- Research Article
- Open Access
A Block-Based Linear MMSE Noise Reduction with a High Temporal Resolution Modeling of the Speech Excitation
© C. Li and S. V. Andersen 2005
Received: 14 May 2004
Published: 10 November 2005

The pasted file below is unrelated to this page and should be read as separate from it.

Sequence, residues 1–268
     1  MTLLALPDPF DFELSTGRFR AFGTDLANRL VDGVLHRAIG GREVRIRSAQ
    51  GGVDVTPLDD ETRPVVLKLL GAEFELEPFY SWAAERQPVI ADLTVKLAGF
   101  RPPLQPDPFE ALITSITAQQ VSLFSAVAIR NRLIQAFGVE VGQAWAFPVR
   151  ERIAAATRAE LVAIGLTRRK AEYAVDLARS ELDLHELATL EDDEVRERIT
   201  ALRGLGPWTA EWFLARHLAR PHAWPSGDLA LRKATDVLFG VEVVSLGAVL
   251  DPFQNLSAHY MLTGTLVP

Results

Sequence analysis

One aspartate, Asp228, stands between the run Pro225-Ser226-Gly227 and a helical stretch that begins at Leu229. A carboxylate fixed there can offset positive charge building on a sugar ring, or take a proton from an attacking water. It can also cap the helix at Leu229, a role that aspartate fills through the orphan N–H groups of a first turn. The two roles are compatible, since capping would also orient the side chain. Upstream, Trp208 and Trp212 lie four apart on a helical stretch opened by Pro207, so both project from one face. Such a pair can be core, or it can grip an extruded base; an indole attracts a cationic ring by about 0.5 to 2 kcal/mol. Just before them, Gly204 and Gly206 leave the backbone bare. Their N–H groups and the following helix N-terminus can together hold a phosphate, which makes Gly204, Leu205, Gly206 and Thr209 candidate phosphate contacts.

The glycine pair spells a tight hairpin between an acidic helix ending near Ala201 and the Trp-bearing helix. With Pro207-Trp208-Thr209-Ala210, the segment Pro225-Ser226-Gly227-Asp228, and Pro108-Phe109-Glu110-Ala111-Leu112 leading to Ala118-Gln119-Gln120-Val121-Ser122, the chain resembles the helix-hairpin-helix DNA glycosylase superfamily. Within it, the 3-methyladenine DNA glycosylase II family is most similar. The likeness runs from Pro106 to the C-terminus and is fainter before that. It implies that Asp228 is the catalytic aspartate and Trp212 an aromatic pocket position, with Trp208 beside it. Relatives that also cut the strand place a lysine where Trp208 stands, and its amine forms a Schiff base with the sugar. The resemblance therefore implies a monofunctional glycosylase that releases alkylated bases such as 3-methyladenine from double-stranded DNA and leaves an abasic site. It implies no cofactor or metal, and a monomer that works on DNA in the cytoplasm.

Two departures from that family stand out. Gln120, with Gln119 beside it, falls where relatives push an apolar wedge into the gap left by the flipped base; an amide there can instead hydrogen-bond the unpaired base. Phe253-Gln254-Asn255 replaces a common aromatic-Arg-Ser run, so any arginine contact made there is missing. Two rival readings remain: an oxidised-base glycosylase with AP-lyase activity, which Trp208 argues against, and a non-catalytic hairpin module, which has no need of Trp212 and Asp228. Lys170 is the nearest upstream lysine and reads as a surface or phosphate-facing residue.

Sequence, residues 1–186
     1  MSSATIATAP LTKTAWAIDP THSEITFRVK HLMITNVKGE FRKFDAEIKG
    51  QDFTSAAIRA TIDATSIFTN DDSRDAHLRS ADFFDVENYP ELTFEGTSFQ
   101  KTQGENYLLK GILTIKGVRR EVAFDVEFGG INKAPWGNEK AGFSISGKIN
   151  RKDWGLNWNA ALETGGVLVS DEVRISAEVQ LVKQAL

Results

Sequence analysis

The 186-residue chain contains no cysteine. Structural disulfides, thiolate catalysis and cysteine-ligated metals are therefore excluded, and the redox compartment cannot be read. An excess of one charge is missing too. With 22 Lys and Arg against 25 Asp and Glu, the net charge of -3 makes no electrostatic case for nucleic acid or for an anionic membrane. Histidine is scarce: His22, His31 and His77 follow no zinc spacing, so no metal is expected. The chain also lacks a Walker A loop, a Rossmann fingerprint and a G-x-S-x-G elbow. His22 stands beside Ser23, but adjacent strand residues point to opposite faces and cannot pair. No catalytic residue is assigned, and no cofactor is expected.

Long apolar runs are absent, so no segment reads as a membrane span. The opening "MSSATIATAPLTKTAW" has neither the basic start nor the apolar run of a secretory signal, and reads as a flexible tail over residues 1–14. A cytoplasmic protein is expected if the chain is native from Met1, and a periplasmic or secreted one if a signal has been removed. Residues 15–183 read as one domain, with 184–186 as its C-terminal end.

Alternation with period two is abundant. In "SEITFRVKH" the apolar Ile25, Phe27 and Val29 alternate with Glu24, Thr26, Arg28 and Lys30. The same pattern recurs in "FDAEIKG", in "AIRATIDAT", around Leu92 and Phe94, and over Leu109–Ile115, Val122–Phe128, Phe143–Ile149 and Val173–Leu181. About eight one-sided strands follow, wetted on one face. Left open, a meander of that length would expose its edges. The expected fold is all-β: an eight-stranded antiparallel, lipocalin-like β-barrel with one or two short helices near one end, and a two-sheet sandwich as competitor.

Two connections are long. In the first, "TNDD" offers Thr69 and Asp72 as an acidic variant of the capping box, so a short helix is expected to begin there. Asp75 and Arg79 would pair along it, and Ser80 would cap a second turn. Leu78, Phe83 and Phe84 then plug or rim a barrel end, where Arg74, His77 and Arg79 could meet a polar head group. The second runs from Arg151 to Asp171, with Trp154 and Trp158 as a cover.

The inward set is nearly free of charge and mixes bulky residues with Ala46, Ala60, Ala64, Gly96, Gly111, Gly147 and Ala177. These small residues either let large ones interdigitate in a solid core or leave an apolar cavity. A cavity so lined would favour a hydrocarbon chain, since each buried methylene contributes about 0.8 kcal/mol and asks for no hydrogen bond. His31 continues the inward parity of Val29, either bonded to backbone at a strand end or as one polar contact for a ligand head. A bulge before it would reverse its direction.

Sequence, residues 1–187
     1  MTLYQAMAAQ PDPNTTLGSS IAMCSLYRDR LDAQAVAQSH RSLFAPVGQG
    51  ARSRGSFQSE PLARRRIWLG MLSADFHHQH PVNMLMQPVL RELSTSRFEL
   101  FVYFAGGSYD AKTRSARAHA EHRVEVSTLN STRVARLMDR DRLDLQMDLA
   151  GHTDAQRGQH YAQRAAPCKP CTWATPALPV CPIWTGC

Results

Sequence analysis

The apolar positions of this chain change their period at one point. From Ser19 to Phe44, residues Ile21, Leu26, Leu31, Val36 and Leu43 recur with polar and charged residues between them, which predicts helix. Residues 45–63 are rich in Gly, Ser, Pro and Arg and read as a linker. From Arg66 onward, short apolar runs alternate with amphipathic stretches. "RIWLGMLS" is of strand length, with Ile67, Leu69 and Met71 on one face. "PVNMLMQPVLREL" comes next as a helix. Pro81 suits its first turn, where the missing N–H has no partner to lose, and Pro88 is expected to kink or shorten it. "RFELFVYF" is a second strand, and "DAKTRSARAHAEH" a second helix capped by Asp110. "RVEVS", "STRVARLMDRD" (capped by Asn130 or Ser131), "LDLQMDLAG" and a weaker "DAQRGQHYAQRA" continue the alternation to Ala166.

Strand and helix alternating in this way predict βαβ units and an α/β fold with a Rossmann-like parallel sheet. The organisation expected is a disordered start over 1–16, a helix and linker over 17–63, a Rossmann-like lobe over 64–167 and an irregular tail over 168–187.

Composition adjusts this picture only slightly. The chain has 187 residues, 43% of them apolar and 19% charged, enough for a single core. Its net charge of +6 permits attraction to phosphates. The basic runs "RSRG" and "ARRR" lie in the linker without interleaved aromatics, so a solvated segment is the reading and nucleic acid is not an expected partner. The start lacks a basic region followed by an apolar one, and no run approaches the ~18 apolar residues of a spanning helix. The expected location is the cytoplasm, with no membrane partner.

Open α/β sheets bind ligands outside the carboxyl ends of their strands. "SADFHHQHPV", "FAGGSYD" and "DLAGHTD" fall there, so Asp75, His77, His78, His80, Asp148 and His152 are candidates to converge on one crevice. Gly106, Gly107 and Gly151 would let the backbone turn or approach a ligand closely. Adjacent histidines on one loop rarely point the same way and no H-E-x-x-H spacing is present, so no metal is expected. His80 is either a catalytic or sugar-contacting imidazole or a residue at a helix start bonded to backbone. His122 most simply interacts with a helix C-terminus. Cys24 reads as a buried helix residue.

A comprehensive linear minimum mean squared error (LMMSE) approach for parametric speech enhancement is developed. The proposed algorithms aim at joint LMMSE estimation of signal power spectra and phase spectra, as well as exploitation of correlation between spectral components. The major cause of this interfrequency correlation is shown to be the prominent temporal power localization in the excitation of voiced speech. LMMSE estimators in time domain and frequency domain are first formulated. To obtain the joint estimator, we model the spectral signal covariance matrix as a full covariance matrix instead of a diagonal covariance matrix as is the case in the Wiener filter derived under the quasi-stationarity assumption. To accomplish this, we decompose the signal covariance matrix into a synthesis filter matrix and an excitation matrix. The synthesis filter matrix is built from estimates of the all-pole model coefficients, and the excitation matrix is built from estimates of the instantaneous power of the excitation sequence. A decision-directed power spectral subtraction method and a modified multipulse linear predictive coding (MPLPC) method are used in these estimations, respectively. The spectral domain formulation of the LMMSE estimator reveals important insight in interfrequency correlations. This is exploited to significantly reduce computational complexity of the estimator. For resource-limited applications such as hearing aids, the performance-to-complexity trade-off can be conveniently adjusted by tuning the number of spectral components to be included in the estimate of each component. Experiments show that the proposed algorithm is able to reduce more noise than a number of other approaches selected from the state of the art. The proposed algorithm improves the segmental SNR of the noisy signal by 13 dB for the white noise case with an input SNR of 0 dB.
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